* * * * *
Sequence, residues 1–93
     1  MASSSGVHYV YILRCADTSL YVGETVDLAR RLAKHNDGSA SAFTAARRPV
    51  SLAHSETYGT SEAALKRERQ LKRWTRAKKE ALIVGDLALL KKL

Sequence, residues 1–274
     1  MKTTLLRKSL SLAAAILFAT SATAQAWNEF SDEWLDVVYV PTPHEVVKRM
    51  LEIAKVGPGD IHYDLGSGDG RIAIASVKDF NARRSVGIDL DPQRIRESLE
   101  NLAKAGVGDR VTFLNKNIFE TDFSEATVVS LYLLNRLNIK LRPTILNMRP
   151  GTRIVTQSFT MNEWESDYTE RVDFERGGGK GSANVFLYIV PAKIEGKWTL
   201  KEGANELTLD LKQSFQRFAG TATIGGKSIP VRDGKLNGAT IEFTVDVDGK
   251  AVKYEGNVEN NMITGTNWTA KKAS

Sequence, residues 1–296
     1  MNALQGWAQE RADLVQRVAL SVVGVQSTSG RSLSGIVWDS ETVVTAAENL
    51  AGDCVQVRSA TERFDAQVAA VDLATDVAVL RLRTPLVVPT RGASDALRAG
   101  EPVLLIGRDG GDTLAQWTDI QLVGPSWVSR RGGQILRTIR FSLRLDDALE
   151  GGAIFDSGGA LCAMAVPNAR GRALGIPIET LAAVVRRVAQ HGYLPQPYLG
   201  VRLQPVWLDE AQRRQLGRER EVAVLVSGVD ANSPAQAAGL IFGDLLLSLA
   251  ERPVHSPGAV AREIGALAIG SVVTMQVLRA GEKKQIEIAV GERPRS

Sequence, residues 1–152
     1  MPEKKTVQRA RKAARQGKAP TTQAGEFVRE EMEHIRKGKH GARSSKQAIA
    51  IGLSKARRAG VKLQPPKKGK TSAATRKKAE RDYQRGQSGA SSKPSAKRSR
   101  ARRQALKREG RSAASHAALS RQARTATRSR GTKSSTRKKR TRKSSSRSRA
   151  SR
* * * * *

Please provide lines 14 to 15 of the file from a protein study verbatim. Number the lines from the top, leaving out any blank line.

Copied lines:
   101  EPVLLIGRDG GDTLAQWTDI QLVGPSWVSR RGGQILRTIR FSLRLDDALE
   151  GGAIFDSGGA LCAMAVPNAR GRALGIPIET LAAVVRRVAQ HGYLPQPYLG